The finish of the Giro d’Italia’s fourth stage this year, Mount Etna or simply “the mountain” to locals in Sicily is an active volcano with several roads to the top. What’s it like to ride?
The Route: there are several ways up Etna but this will look at the climb north from Nicolosi via the Via Catania and the Salto del Cane (“Dog’s Leap”), the Giro route in 2017. It is 18km and averages 6.6% but this includes a short downhill and flat section one third of the way so the typical gradient is 7%. The graphic above shows 12% but that’s on the inside of one of the rare hairpin bends. Nicolosi is in the Province of Catania on the island of Sicily in Italian.
The Feeling: all rides have to start but few involve such a wait. Etna stands at 3,350m above sea level and is one of the largest mountains in Europe by prominence but the classic stratovolcano cone can be covered by clouds for days on end. You can ride in the mist but holding out for a clear day is much more rewarding.
If even if you can’t see the peak the volcano is all around with the start town of Nicolosi making a living off the passing tourist trade and some of its buildings are built from the dark basalt rock. Nicolosi is on the slope and don’t need a GPS to get out of town, just head uphill, although there are plenty of signs to help. But for the Salto del Cane road take the road to the north. The gradient bites from the start. You pass vineyards at first and the vegetation is small and stunted, as if it’s only just regrown since an eruption but more likely because the rocky surface doesn’t have much soil or space for roots. The road is rough in places but apparently it’s been resurfaced in places for the Giro.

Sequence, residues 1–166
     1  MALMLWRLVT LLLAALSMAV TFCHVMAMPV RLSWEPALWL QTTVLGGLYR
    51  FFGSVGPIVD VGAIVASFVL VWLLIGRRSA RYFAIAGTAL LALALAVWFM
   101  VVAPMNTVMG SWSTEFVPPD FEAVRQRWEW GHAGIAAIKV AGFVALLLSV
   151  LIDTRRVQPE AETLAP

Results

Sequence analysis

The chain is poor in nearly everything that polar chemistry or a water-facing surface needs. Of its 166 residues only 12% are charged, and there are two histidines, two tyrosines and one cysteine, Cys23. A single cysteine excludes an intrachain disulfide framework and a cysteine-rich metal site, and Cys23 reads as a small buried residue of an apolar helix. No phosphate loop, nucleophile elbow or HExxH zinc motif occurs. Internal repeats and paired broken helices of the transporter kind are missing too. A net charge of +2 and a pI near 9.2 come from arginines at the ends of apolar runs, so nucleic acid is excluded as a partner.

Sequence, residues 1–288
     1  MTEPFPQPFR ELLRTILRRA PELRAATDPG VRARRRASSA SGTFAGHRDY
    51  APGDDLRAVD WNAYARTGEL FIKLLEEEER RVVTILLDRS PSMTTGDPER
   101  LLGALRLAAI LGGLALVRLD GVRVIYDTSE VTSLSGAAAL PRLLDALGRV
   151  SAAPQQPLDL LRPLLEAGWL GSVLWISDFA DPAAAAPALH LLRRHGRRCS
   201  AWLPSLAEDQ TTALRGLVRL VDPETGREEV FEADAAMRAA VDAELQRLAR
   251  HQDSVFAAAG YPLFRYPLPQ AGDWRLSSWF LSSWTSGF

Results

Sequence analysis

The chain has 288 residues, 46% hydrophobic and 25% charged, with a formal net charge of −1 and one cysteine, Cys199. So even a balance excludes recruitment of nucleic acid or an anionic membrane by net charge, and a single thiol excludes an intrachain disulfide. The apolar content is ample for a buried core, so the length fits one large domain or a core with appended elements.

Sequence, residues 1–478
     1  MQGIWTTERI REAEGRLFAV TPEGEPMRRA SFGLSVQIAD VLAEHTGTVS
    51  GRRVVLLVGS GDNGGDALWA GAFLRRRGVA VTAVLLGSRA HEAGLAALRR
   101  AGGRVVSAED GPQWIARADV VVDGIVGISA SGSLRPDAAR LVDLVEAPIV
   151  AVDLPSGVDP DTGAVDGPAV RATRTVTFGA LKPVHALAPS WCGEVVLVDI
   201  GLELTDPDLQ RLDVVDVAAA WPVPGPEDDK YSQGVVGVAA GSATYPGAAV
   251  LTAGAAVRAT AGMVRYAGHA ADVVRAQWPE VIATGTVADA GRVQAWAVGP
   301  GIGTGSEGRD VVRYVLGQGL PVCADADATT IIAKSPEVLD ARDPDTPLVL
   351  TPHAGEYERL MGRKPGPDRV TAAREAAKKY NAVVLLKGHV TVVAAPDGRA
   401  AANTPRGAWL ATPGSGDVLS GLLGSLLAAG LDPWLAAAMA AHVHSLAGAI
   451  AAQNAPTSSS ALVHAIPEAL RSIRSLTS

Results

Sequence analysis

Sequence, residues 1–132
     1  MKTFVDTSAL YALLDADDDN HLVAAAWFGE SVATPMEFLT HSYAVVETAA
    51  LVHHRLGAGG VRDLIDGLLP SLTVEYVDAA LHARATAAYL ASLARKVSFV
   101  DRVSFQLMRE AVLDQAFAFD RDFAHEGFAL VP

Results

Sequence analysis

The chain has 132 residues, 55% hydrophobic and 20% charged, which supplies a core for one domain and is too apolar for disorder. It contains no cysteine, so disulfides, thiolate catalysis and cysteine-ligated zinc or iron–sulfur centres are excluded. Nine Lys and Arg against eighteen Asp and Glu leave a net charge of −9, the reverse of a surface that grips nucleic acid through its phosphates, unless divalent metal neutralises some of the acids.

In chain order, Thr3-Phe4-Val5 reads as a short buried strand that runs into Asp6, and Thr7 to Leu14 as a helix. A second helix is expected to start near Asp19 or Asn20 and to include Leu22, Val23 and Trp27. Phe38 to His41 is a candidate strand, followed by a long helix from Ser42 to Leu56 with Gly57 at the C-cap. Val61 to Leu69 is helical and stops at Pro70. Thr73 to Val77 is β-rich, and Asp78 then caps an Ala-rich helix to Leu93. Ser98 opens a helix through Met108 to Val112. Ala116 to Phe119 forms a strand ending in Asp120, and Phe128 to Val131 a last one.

It’s quickly apparent that it’s just you, the road and the volcano. There are almost no buildings along the way. It’s like a computer game where you have to have to select the “lite” graphics option because your computer doesn’t have the processing power. Only for the brain this is frustrating, there are none of the charms you take for granted when climbing in the Alps or Apennines, no white water gushing in a gorge below, not even a small fountain to fill a bottle from. No pastures, chalets or other features and it makes you think that for all the pleasure of nature human influence can sometimes enhance the charm, this is more like riding across Mothern Nature’s construction site or an old mining zone. It’s a bit bleak at times but also means you escape a lot of the litter that’s roadside in Sicily.
The higher you climb the smaller the vegetation, both because the lava flows look more recent and also because the wind gets up to strip away anything trying to exist. If you can pick your day then a still, clear day is perfect but not easy as Sicily can be a windy place. All the time the road is regular, the gradient can change in places, 7% here, 8% there but the changes are obvious rather than abrupt, this is a long climb where you sit back and winch your way up with few gear changes. There are some steeper moments but they’re brief.